How Many Council Meetings Does it Take to Adopt a Local Development Plan?

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The Case 

The dispute revolves around the adoption of a local development plan (LDP) by Wrexham County Borough Council. According to Section 67 of the 2004 Act, local planning authorities “may adopt” a plan, which appears to give them discretion to adopt an LDP as originally prepared. However, regulation 25 of the 2005 Regulations states that the authority “must” adopt the LDP within eight weeks of receipt of the recommendations, imposing a strict obligation on local planning authorities to adopt the LDP.   

“May,” means discretion, suggesting a choice for the local planning authority. This is consistent with the discharge of a local authority function which requires a vote. Conversely, “must” conveys a mandatory obligation, arguably inconsistent with a function requiring a vote. Voting normally suggests a choice between two options, and if the council is required to adopt the plan, there isn’t a choice. This conflicting language presented some difficulty for local councillors tasked with adhering to statutory requirements whilst upholding local democracy and exercising judgement in the public interest. 

Implications and Analysis 

R (BDW Trading Ltd) v Wrexham County Borough Council challenged the court to reconcile these seemingly conflicting provisions. By examining the provision within its full legislative context and emphasising the mandatory nature of LDP adoption within the prescribed timeframe, the court ruled in favour of interpreting “may” in a manner consistent with regulation 25’s overarching obligation. Mr Justice Eyre summarised the approach to determining the meaning of legislation as requiring the need to have regard to the language used when seen in context, the context being:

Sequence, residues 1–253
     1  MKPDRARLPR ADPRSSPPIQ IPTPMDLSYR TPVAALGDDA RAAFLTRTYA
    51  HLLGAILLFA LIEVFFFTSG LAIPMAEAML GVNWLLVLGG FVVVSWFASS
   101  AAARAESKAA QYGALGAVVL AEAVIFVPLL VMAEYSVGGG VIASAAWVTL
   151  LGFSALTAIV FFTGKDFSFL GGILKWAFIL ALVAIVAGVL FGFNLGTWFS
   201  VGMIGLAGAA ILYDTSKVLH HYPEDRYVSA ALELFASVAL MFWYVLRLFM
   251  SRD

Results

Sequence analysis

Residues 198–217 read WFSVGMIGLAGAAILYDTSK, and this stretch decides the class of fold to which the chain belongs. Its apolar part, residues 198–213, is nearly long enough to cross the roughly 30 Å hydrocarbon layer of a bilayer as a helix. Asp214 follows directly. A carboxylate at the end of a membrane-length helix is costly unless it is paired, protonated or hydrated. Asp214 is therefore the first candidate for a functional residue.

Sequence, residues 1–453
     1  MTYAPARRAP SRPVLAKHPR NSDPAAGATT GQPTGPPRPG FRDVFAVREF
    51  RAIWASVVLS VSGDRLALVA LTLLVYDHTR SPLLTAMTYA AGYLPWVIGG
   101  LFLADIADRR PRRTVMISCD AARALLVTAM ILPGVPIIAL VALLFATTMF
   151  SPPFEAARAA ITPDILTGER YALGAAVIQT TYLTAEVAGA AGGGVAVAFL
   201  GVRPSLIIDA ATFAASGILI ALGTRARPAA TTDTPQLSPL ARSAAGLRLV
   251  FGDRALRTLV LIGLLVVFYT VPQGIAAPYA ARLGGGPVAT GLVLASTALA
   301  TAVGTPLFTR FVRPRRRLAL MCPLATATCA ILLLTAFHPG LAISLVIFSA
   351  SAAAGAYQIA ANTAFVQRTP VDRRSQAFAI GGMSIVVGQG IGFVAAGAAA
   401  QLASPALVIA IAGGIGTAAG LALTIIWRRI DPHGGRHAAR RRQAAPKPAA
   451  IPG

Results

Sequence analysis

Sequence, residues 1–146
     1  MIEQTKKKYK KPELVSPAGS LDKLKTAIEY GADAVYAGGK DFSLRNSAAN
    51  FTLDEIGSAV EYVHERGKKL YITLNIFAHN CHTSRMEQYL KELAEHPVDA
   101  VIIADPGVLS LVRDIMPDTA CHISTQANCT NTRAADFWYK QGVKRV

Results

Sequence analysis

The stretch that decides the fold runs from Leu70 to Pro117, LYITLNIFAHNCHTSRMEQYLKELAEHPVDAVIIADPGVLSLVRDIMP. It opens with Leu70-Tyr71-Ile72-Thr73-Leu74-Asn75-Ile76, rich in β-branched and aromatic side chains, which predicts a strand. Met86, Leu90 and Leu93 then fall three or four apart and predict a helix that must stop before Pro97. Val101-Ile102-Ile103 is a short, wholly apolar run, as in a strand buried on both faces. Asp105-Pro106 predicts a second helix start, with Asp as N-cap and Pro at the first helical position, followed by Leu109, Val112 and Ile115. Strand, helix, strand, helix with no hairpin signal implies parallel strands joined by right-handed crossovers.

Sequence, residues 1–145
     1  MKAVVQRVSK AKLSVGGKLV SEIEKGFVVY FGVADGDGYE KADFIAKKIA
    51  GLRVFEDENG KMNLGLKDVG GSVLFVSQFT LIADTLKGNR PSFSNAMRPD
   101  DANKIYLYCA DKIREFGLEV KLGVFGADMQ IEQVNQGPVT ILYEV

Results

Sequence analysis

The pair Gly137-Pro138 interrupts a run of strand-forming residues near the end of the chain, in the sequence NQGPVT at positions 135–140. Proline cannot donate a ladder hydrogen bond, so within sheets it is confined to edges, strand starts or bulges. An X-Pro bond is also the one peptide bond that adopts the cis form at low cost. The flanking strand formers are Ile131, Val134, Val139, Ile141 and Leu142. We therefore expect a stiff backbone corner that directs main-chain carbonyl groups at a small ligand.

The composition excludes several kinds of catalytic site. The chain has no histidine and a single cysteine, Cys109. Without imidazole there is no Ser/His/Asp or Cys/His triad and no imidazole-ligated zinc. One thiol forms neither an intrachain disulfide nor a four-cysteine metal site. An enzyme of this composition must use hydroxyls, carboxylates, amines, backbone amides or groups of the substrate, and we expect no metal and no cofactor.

the language of the legislation as a whole so that each section is to be seen in the context of the other provisions of the particular legislation; the factual background against which the legislation is enacted; and the purpose of the legislation. Where there is a matter which has not incorporated in legislation by express words the court can conclude that it is there by way of necessary implication. However, the implication has to be a necessary one having regard again to the language seen in context but also to the purpose of the legislation.

The case also raised interesting questions around the responsibilities of local councillors, entrusted with making decisions that impact their communities, and the options open to them in circumstances where the council’s statutory functions conflict with their views on what is best for their local area. Mr Justice Eyre gave this matter short shrift however, saying:  

It is important for all concerned also to remember that the Council is a body set up by law. Its obligations and its powers depend not on some abstract democratic entitlement but on particular statutory provisions. Inevitably on some occasions elected councillors will find the restrictions on their powers irksome. On other occasions they will feel unhappy about the actions they are obliged by law to undertake. There will be other occasions when citizens will feel aggrieved at the extent of the powers a local authority has. The powers of a local authority and the duties to which it is subject are sides of the same coin. The Council’s powers derive from legislation but it cannot claim to use those powers without being subject to the duties which also imposed by legislation.

Conclusion 

The tension between permissive and mandatory language underscores the need for careful consideration of legislative intent and statutory context. As local authorities continue to face legal challenges in the realm of planning law, an understanding of statutory interpretation remains essential for upholding the principles of democratic governance. That said, it will be interesting to see if understanding this area is made any more straightforward for the reader in the forthcoming Planning Consolidation (Wales) Bill.  

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